In 1997, the opening scene of Final Fantasy VII was a revelation. This was a JRPG where I wasn't waking up a complete amnesiac or some child in a pastoral village. I was Cloud Strife, a first-class SOLDIER, and all-around badass. I wasn't visiting a bland forest or shallow cave. I wasn't searching for some MacGuffin. I didn't return to find my village burned down or that the village elder wanted to kick me out for some contrived reason. I was being paid by an ecoterrorist cell to help blow up a power plant in a cyberpunk city of the sort I'd never seen before. It was a stunning opening that set the game apart from its peers and has stuck with me ever since.
But looking back, the time spent in Midgar seems short. A few hours later, and you're out into Final Fantasy VII's wider world. The overworld map is pretty typical and soon you're in Kalm, the pastoral town where Cloud goes into exposition mode. Then we get a flashback to NIbelheim, another pastoral town where he and Tifa grew up. It turns such towns do exist in the world of Final Fantasy VII. This game happened to hold its version back until the second act.
It isn't that the rest of Final Fantasy VII isn't great because it is, but those opening hours in Midgar have always felt special. Even during my first playthrough, it was hard to shake the feeling that I'd left something incredible behind to go explore a wider but less interesting world. In the decades since then, I've returned to Final Fantasy VII a handful of times with the intent to replay the entire game. Every time, I play through the entirety of the story in Midgar. Then I get to those long, drawn-out flashback scenes in Kalm and decide it isn't worth it and leave the game behind.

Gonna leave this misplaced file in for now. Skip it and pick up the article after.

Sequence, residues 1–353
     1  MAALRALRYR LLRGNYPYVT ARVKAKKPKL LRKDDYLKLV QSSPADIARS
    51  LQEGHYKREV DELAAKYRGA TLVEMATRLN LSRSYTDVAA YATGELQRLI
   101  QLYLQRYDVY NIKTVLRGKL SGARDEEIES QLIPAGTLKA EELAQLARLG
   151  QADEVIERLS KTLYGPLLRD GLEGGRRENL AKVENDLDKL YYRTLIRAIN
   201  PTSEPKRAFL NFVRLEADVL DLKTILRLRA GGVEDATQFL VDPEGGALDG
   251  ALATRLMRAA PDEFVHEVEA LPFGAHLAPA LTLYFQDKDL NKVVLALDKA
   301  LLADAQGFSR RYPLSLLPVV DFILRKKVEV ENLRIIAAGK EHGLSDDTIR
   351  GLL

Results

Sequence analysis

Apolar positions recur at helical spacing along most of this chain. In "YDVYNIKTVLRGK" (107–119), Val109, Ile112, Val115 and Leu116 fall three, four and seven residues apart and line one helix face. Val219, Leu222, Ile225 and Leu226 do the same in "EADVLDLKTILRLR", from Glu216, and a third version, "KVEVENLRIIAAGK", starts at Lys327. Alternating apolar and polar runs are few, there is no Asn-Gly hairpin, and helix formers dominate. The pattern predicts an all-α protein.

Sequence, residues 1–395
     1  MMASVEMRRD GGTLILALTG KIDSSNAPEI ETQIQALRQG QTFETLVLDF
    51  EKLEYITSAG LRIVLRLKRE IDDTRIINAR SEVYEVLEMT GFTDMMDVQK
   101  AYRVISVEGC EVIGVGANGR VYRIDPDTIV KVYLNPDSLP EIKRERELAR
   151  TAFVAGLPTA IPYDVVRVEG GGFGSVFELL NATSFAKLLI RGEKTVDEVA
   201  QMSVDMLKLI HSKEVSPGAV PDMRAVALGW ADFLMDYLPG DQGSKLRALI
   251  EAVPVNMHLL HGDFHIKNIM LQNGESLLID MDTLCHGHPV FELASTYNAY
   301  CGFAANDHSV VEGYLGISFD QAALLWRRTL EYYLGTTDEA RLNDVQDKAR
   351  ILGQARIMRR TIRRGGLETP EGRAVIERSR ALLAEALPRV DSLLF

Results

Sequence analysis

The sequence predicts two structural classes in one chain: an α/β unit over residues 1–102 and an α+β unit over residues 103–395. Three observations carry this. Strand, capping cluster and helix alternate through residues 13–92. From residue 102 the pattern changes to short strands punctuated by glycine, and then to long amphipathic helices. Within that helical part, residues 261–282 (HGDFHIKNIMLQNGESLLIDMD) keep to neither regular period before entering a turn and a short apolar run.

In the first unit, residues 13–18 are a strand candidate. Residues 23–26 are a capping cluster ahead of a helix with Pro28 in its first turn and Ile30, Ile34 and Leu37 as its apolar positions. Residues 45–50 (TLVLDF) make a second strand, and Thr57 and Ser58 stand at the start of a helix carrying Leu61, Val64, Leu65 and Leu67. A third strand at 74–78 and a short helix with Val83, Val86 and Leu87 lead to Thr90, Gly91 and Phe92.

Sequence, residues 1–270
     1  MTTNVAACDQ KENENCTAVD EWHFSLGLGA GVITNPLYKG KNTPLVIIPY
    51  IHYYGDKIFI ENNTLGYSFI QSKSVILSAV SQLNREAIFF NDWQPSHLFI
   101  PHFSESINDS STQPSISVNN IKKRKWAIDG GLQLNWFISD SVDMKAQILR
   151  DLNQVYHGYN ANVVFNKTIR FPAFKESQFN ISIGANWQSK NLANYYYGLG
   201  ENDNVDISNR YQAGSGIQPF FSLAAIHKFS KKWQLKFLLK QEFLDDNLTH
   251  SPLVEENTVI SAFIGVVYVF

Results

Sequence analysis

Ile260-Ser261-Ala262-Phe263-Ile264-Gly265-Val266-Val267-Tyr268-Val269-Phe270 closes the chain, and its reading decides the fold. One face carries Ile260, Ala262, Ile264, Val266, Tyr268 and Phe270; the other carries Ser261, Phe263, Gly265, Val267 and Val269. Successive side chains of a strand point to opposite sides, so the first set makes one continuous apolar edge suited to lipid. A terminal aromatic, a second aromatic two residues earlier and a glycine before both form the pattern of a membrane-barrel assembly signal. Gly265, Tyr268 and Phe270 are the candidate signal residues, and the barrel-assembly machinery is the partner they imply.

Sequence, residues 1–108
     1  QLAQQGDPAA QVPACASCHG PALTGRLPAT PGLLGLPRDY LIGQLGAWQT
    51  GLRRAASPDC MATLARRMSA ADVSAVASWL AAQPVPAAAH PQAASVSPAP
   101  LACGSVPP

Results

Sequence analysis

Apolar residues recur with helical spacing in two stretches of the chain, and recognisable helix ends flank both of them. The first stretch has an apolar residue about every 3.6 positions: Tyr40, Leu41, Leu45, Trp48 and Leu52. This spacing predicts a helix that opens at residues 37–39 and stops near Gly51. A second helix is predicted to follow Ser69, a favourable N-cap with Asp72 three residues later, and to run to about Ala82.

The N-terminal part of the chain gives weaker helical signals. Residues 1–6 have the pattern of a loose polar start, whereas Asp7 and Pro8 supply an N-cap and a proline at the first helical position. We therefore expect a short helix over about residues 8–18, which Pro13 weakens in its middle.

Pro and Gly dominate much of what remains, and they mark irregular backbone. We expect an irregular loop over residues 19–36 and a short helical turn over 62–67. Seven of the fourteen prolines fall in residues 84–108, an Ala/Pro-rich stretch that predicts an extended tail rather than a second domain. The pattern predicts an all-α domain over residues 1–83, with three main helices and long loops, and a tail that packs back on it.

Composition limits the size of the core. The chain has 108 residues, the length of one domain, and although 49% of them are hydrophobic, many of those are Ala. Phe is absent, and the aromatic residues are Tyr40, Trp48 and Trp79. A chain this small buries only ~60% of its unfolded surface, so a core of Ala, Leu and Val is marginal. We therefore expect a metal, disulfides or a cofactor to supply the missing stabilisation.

Fans were skeptical when Square Enix revealed that Final Fantasy VII Remake would be the first part of a series. They were more skeptical when they learned that first installment would stretch the Midgar part of the game out to 40 hours. That's the length of the original Final Fantasy VII in its entirety. Would this become gaming's version of Peter Jackson's The Hobbit?
For me, it was the best news. I get to spend 40 hours on that big pizza? Count me in. Now that I'm playing Final Fantasy VII Remake and the game is exceeding my highest expectations. There's a lot that's implied about Midgar in the original Final Fantasy VII, but in Remake it's all brought to life. We see what life on the plate is like. We get a sense of the slums community beyond its simplistic squalor. We get to know the endearing members of Avalanche far better than the PlayStation original ever allowed.
Most important is the depth Remake adds to the game's themes. In 1997, Final Fantasy VII's ecological concerns seemed like a distant academic argument. In 2020, they feel urgent, and spending more time in Midgar allows the game to unpack those themes in ways the original couldn't. Spending more time with its characters make the themes personal.
I'm thrilled to be spending so much time in this dystopian metropolis. This is what Final Fantasy VII always should have been. I'm happy to have it now.
Final Fantasy VII Remake is now available for PlayStation 4.